Did you know you can use regular expressions in AMPScript?
Here are some RegExMatch() snippets that I’ve used:
@s = input string
@p = pattern
@m = match
@o = output
Strip leading zeroes from a string
Check for all digits, no match
Check for all digits, match
Replace parenthetical text with space
input: whee (whatever it is) whoop
match: (whatever it is)
output: whee whoop
For further reading
RegEx pattern reference
RegEx options reference
Here is a good way to display a grid of external content in an email without repeating a significant amount of AMPScript. It utilizes an XML string and uses XPATH to retrieve content using the BuildRowSetFromXML() function.
Slide deck from my Salesforce Marketing Cloud/ExactTarget Connections Conference 2014 presentation
Double Wide v2 – Responsive Email Pattern
All AMPScript Functions
Product Data Extension
Email Init Section
Content Area Init Section
Content Area Body
Questions? Comments? Feel free to leave a comment below.
Data Extensions in the Salesforce Marketing Cloud platform are simply database tables in which you can store data you need for your campaigns.
You can add rows to data extensions using:
With the API, you have a few options — SOAP being the most complex, AMPScript the simplest:
You can use AMPScript in emails, landing pages or SMS keyword configurations. I’ll use AMPScript in this example.
Here’s how you add or update a single row in a data extension named My_Test_DataExtension using the UpsertDE() function:
Here’s a breakdown of the UpsertDE() arguments in this example:
- The name of the data extension to receive the data
- Number of columns you’re using to check to see if there’s a matching row already in the data extension. (This means there will be only 1 pair of name and value arguments following this parameter. You could specify more.)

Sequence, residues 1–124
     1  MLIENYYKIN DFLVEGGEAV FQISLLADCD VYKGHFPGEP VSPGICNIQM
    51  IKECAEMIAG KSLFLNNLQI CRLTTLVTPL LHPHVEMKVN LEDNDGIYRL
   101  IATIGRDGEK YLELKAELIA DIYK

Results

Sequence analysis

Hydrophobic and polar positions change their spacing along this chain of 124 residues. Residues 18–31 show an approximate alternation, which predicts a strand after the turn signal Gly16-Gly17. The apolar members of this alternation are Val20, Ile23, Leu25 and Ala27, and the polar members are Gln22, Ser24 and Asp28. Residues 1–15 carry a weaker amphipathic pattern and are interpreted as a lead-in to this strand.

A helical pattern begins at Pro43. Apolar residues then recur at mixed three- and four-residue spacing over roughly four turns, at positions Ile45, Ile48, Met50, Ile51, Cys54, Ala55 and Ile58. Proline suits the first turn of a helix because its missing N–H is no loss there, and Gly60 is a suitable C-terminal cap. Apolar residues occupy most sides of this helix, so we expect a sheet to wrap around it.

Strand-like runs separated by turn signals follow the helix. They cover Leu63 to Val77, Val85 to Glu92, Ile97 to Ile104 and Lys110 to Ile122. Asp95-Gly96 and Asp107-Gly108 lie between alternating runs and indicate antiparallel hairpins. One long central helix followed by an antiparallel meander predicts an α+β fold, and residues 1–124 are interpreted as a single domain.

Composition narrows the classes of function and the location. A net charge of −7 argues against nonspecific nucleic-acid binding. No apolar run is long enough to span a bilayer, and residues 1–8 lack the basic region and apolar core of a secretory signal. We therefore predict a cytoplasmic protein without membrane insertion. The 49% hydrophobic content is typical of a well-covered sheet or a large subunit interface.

- The lookup column
- The lookup value
- Column 1 to update
- Column 1 update value
- Column 2 to update
- Column 2 update value
For further reading:
UpsertData() (for SMS keywords)
UpdateData() (for SMS keywords)
One cool thing you can do in the Salesforce Marketing Cloud is offer your subscribers a unique coupon code as part of a promotional email campaign. Here’s how to do it.
To start, create a “CouponCodes”Data Extension with the following columns:
Next, generate your own list of unique coupon codes in Excel. Include a “CouponCode” column header. Save the worksheet as CSV or Unicode (tab-delimited).
Then, import your coupons into the data extension with the adhoc import button:
Finally, add this AMPScript to your email. This code will try to find a coupon row for the specified email address in the CouponCodes data extension. If it finds one, it’ll return the coupon code. If not, it will “claim” an unclaimed code and associate it with the specified email address. The bit about the message context — that will prevent you from claiming coupon rows when you’re doing a send preview when building the email.
Keep these things in mind:
- Make sure you upload enough coupons for your target audience so you don’t run out of unclaimed coupons. For recurring coupon campaigns, you should build a system to monitoring unused coupon codes.
- Make sure the target of the coupon code (e-commerce site, POS system, etc) is using the same set of coupon codes as your campaign.
- You can also do this in an SMS campaign.
- The data extension name in the claimrow() function cannot be a variable
- Any data extension referenced in a claimrow() function must exist
For further reading:
Data Extension AMPScript Functions
MobileConnect Coupon Scenario
Update 5/28/2013: added additional gotchas about claimrow() function
Update 2/9/2015: added empty() check after claimrow() function
Update 3/9/2016: move code snippet to gist, added variable declaration for emailaddr
When you’re creating a dynamic email in Salesforce Marketing Cloud using AMPScript, things can get muddled up with non-HTML code real fast — so muddled it’s hard to recognize the basic layout of the email. Sometimes it’s helpful to hide the AMPScript in a way that doesn’t affect the functionality. Here’s a trick that I use on a regular basis.
Hide your init block in with a styled DIV
I normally use these at the top of an email for initialization of variables, etc. Simply edit the content area to view the full code.
DO NOT use HTML comments to hide AMPScript. It will screw up the automatic text version of your email!